Sea vegetables are among the most nutrient-dense foods on the planet, yet here in the West, these brain superfoods are largely neglected, says brain health expert Deane Alban.
Kombu. Dulse. Arame.
They’re probably not in your vocabulary, and almost certainly not on your plate.
Yet for older adults concerned about memory loss and the threat of Alzheimer’s, they represent a real missed opportunity. These strange-sounding foods are sea vegetables, a brain wonder food that’s mostly absent from the American diet.
“Sea vegetables are some of the most nutrient-dense foods on the planet but, at least here in the West, are a largely neglected group of superfoods for the brain,” writes Deane Alban of Be Brain Fit.
The term “brain superfood” gets thrown around a lot these days, often for foods that don’t live up to the label.
But when it comes to helping keep your mind sharp, Alban says sea vegetables are the real thing.
“To be considered a ‘brain superfood,’ a food should contain nutrients that are specifically critical for brain health,” she says. “Sea vegetables contain many compounds essential for the brain mostly in the form of minerals, vitamins, and antioxidants. They also contain inositol, which is rare in the diet but is needed for communication between brain cells to occur.”
Alban notes that sea vegetables are a staple of the diet in Okinawa, Japan, one of the so-called “Blue Zones” where it’s unusually common for people to live to the age of 100 and Alzheimer’s and other chronic diseases are nearly non-existent.
“No one knows for sure the role any one part of the Okinawan diet plays, but apparently sea vegetables contain a handful of unique antioxidants that are thought to be neuroprotective,” she says. “Sea vegetables are also said to contain all 56 minerals essential for health in bioavailable forms.”
Unfortunately, the Japanese appetite is headed in the wrong direction. The rate of Alzheimer’s is rising in Japan and other nations as people there turn away from traditional diets in favor of Western food.
Meanwhile, here in the United States, healthier food choices such as sea vegetables remain a hard sell.
The one sea vegetable you may have sampled, even if you don’t recognize the name, is nori. Those are the sheets of seaweed used to wrap sushi.
Alban calls nori a “nutritional powerhouse” that’s high in inositol and choline, both of which can be beneficial to cognition. She says it’s also an excellent source of vitamin B12.
The traditional American diet supplies most of us with all the B12 we need, but as we age, our body may become less able to absorb B12 from the food we eat. The resulting deficiency in B12 can lead to depression, memory loss or dementia.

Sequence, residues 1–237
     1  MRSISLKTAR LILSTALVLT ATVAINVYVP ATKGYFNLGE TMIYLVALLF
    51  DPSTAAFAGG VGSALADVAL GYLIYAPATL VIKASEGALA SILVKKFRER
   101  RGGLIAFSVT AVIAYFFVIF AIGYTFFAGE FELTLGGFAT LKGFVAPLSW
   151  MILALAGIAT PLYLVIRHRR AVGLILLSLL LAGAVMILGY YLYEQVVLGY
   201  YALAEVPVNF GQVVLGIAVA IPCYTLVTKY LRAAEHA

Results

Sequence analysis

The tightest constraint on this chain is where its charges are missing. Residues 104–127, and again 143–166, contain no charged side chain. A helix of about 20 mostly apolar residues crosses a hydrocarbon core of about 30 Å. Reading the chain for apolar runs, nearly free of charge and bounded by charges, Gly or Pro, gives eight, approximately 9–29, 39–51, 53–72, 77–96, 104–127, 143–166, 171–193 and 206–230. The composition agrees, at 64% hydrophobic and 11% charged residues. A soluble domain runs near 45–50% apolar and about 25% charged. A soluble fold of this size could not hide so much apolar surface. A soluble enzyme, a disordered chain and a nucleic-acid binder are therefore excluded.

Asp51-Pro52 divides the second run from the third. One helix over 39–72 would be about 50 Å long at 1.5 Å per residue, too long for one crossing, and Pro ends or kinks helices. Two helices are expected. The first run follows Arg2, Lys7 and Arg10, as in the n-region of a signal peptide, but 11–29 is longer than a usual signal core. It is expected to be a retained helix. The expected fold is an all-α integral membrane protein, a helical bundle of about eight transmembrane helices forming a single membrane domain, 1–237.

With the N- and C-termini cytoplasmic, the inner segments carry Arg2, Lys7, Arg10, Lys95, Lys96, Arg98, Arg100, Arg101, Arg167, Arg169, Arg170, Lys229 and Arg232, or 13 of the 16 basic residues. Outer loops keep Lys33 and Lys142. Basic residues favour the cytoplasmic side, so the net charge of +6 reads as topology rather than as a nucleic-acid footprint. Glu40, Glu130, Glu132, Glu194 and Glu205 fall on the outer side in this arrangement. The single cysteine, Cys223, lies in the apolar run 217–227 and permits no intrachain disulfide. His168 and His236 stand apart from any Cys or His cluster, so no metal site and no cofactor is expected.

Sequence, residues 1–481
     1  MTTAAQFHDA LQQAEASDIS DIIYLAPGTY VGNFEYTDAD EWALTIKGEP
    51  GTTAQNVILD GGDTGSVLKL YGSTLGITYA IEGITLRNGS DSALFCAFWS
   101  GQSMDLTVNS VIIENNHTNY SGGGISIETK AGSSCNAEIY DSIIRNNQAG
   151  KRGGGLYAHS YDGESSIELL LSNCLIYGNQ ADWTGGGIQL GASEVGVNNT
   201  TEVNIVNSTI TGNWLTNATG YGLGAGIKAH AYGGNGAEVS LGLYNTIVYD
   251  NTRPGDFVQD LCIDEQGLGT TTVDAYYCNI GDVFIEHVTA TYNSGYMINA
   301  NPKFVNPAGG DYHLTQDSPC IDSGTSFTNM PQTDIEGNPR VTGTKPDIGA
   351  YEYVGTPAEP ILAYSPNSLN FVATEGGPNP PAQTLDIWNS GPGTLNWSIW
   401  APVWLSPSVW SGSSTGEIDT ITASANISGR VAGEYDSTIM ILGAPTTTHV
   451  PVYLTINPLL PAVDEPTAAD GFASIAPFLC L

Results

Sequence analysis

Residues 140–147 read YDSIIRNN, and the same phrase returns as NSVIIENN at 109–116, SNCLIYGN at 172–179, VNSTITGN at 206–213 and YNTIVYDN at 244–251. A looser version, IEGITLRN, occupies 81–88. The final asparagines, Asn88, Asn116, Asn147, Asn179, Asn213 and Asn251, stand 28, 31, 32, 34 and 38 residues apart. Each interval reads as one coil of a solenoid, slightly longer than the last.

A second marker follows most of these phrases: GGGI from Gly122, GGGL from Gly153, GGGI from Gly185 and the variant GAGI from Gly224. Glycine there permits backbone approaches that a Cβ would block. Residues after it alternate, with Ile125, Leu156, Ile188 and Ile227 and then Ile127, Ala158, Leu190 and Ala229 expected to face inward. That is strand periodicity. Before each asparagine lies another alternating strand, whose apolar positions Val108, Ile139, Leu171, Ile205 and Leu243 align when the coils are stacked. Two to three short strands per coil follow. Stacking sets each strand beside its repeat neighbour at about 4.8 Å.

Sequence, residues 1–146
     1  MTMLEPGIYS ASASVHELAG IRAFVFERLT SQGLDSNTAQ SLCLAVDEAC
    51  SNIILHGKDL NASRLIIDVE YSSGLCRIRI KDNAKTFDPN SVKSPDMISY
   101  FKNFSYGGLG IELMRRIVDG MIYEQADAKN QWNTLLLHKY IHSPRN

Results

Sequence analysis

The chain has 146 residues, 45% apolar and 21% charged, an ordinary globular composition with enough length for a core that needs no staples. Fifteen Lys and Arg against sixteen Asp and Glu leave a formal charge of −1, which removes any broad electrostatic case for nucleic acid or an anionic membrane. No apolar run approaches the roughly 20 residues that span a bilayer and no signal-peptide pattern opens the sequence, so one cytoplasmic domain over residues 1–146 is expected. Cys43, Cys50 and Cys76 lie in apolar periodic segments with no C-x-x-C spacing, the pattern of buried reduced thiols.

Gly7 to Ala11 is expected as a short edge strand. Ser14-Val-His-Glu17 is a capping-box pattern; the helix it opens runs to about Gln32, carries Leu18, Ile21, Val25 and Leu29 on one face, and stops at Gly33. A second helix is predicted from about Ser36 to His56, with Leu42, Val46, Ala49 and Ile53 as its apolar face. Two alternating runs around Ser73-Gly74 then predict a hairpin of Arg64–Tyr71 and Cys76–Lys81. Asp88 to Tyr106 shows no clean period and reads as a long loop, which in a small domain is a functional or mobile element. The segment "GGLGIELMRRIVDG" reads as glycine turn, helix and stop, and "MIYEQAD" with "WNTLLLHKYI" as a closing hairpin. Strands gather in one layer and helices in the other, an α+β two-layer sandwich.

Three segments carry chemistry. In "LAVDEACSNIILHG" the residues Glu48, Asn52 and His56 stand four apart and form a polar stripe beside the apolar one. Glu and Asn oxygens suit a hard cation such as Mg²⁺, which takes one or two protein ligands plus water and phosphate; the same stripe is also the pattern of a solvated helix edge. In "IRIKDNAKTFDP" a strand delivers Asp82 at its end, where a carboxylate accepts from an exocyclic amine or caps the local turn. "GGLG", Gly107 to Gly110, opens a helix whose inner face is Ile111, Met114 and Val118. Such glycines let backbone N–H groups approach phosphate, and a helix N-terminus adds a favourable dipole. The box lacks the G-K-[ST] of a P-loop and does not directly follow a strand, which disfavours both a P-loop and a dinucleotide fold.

“The deficiency can be quite serious and is worryingly rampant among high-risk groups such as seniors, and people with digestive disorders, especially those who take acid blockers,” Alban says.
“Since B12 is found almost exclusively in animal protein, almost half of lacto-ovo vegetarians and over 90 percent of vegans are B12-deficient,” she adds. “Nori has been found to be the only substantial vegetable source of vitamin B12.”
Now that sushi has won its way into the Western diet, I asked Alban if she thought other sea vegetables might catch on here, given how beneficial they are to brain health. But she’s dubious about that.
“Unfortunately, the modern palate has been jaded from too much overly flavorful processed food high in salt, sugar and spices,” she says. “I don’t see sea vegetables becoming a staple in most Western households.”
But if you’re feeling adventurous and willing to try something new and different for the sake of your cognition, there are ways to ease yourself into eating sea vegetables.
One option to consider is making your own sushi at home.
“If you visit any health food store, you’ll find nori sheets to make your own sushi or California rolls,” Alban says. “Some sheets that have been toasted and flavored which you can eat ‘as is’ or crumble and add to salads, rice or just about anything. Some of these come in very flavorful options like wasabi and teriyaki. You can also heat a little oil and drop a sheet in just for a few seconds. It crisps up nicely and is much like kale chips.”
Another option I favor is seaweed salad, which I discovered recently, and find quite tasty. Alban seconds that suggestion.
“Seaweed salad is usually made with wakame,” she says. “Second to sushi, I think it’s the next best option for Western palates. Many people may have already had it at Asian restaurants. It contains a similar nutrient profile to other sea vegetables and so would be a good choice for neuroprotection.”
Alban says her interest in sea vegetables began years ago, when she taught macrobiotic cooking, which is based on traditional Japanese cuisine. Here are some additional choices that are good for beginners:
- Agar-agar — Comes in white translucent bars or flakes. It’s tasteless and is used as a thickener. Alban says: “You can add it to fruit juice to make a jello-like dessert.”
- Kombu — Comes in thick strips and can be added to soups and stews. Alban says: “It was traditionally added to cooked beans to make them more digestible and adds very little flavor.”
- Arame — Has a delicate flavor and makes a nice addition to salads. Alban says: “It’s also delicious sauteed with onions and carrots.”
- Dulse — Available in shaker bottles and can be added to food as a condiment.
Alban says a typical serving of sea vegetables is 1/3 cup of whole leaf, 1 teaspoon of flakes, or 1/2 teaspoon of powdered vegetables.
If you want to learn more about sea vegetables and other brain-healthy foods — including kale, avocados, walnuts and fermented foods — read the Be Brain Fit post on “12 Brain Foods That Supercharge Your Memory, Focus & Mood.”
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